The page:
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Sebastian Scholl

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Sebastian Scholl

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The other day I watched a Bloomberg interview of Sean Rad, co-founder of the app Tinder.  The interviewer drove the conversation towards trying to get Rad to say that Tinder is not a “dating app”, but undoubtedly a “hook-up app”.  By arguing that a “dating app” would share more meaningful information about its users, the interviewer clearly held the position that Tinder’s “hot or not” judging interface was shallow.

To those of you who are unfamiliar with Tinder, it is a mobile app that puts two people into communication if they both find each other attractive.  A user can upload up to 5 pictures of them self, pick a gender preference, and define the local area that they’d like to meet people in.  To set up a profile you need to log-in through Facebook, and by doing so it makes a record of your interests and sees who your friends are.  Pretty much, as a user, you scan through pictures of random people in your local neighborhood and judge whether or not you find them attractive – while seeing if you know anyone in common and their mutual interests.

I used to give any type of online dating tool the same bad wrap most people give them.  “They’re weird”,”they’re shallow”, “the only people who use them are desperate”, and “only creeps use that stuff” were my go to comments on the subject.  However, after listening to Rad defend Tinder as a dating app over a hook-up app, I kinda had a realization.

 “We condemn the things that remind us we are inherently shallow and simple”
Imagine yourself [single] going out one night.  It doesn’t matter where.  A bar, club, or restaurant, just someplace that is social.  Your goal is to meet someone, someone to have fun with or possibly a relationship.  Once you get to where you are going maybe you grab a drink, but you start looking.  Scanning the venue for a person who you find attractive, a person you’d like to talk to.  Once you see them, you start the approach.  Maybe that’s sitting next to them or trying to make eye contact and get a smile.  But the main goal is to try to sense whether or not the attraction is mutual.  If it is, you or they may initiate a conversation.  “What’s your name?”, “where are you from?”, “do you happen to know [friends name]?”, and “what kind of things do like to do?” are the most commonly asked questions, or a variation of them.  After these first steps, though, you may have met your dream partner, you may be Googling “nearest motel” with no intentions of calling them after the night, or you may just not be interested.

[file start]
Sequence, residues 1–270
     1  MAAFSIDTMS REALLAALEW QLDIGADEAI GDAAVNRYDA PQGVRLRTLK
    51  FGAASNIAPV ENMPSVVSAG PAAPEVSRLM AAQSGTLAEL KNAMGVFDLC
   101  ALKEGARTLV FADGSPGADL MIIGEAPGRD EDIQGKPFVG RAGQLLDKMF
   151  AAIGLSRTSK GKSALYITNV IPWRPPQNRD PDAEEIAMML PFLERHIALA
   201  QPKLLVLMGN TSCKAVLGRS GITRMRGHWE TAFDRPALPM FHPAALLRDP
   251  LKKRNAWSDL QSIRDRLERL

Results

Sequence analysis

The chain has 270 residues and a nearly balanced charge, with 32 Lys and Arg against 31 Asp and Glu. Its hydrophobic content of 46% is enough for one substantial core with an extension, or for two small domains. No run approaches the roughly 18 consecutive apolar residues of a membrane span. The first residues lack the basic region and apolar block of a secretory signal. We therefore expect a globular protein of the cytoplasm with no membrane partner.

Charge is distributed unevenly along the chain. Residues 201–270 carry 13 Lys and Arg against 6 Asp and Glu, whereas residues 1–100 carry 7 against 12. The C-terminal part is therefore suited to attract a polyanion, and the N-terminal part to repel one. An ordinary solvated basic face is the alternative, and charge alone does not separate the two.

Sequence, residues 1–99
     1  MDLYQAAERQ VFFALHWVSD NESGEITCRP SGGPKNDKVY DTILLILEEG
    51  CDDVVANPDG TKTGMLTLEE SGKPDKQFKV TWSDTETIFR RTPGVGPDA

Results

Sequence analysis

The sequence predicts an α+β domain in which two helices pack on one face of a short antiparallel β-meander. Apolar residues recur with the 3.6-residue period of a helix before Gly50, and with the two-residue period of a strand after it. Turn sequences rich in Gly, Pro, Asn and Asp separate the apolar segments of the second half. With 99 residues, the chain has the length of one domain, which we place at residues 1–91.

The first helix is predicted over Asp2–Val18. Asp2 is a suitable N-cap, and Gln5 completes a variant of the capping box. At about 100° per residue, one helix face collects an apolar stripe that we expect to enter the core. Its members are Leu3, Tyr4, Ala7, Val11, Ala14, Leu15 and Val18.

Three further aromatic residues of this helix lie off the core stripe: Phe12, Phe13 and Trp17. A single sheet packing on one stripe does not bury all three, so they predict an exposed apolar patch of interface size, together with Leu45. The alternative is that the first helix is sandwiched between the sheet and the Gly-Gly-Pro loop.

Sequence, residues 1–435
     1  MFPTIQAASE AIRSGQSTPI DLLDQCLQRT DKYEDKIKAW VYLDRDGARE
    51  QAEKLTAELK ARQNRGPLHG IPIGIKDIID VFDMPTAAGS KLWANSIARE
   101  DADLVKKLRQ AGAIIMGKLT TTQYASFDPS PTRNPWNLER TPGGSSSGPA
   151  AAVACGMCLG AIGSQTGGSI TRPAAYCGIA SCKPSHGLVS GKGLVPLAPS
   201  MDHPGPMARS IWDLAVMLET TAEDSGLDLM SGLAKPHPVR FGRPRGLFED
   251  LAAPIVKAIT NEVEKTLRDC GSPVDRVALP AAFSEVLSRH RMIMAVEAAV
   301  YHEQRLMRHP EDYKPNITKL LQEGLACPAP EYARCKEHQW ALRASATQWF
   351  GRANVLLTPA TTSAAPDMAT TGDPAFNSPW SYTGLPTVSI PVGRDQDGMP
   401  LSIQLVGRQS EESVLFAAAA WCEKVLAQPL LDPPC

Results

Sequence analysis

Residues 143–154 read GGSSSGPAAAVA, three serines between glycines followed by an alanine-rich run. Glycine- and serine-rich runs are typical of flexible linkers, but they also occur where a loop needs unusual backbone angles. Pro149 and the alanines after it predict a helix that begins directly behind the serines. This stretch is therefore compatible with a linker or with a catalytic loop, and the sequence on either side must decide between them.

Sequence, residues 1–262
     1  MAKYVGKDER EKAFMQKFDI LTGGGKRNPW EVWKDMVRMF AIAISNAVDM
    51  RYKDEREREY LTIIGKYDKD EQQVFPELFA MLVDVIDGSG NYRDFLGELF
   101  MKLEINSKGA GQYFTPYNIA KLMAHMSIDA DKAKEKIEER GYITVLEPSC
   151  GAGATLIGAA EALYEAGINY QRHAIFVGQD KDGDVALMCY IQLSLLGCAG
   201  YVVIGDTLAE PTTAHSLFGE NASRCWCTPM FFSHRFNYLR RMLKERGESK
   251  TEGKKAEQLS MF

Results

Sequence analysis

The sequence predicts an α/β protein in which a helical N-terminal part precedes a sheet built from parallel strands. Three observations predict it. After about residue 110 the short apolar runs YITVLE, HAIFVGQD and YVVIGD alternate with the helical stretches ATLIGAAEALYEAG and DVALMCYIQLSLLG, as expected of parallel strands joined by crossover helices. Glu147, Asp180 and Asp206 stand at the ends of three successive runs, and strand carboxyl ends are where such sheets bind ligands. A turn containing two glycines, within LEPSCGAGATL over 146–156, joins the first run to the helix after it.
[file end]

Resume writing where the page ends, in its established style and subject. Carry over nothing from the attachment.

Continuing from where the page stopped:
That’s how being social or dating (in most cases) happens in the real world.  So how is that any different from what happens online?  Whether you have a profile that includes endless information about what you like to eat, drink, allergies, your dogs name, and birthmarks, or a Tinder profile that has just a couple pictures and helps puts you in contact with people you think are hot.  Isn’t it the same process?
You look around hoping to find someone you think is attractive.  If they feel the same way they will respond – if they don’t they wont.  Next up is finding out the most basic information about them; name, home, interests, and mutual friends.  After that, they either become a friend, a hookup, a lover, or a memory.
However people hate to be objectified and they hate to be categorized.  The thought of someone judging you on a generic set of criteria enrages your individualistic spirit.  But, be honest, that is exactly how we all judge and look at others.  When trying to describe a friend to someone to see if they also know him, you’d say, “You know, the Jewish one, medium height, black hair, fairly good looking, drives a BWM?”, before ever saying, “You know, he loves golden retrievers, thought that the Catcher in the Rye was only decent and has never been sky diving but really, really wants to go?”  It is this type of thinking, these generalizations, that we categorize people – whether it is consciously or subconsciously.
In out liberal age we love to believe that we have internalized what we’ve been told is right.  That stereotypes are bad, that we are unique individuals who have the right to be appreciate for who we are, and that we don’t hold prejudices against things such as wealth, race, and religion.  However, we do – I’ll be the first to say it.  I have rich friends and I have poor friends but there are difficulties when I mix the two.  A black man in a hoodie at night makes my white friends (and black friends!) and I much more uneasy than a white man dressed as so.  While we try to convince ourselves that we do not think or behave this way, it is innate behavior.  Therefore, I believe the reason online dating gets a bad wrap is because it reminds us that we judge other people using the most generic of mindsets.  But, even more importantly, it reminds you that that’s how people judge you.
I have a few friends that have gotten laid as well as one whose been in a happy relationship thanks to Tinder.  I bet many people think that they shouldn’t use online dating because it’s dangerous, but ever heard of a Roofie?  The online world is the real world just like reading a hand written letter is reading someones real words.  The online is only a more effective means of communication, and in this case communicating with potential partners.  Yes, it maybe be shallow – but so are we.  If you can be honest with yourself about what you are looking for in others, you can probably have a great time and meet some great people using such platforms.
This entry was posted in Opinion.
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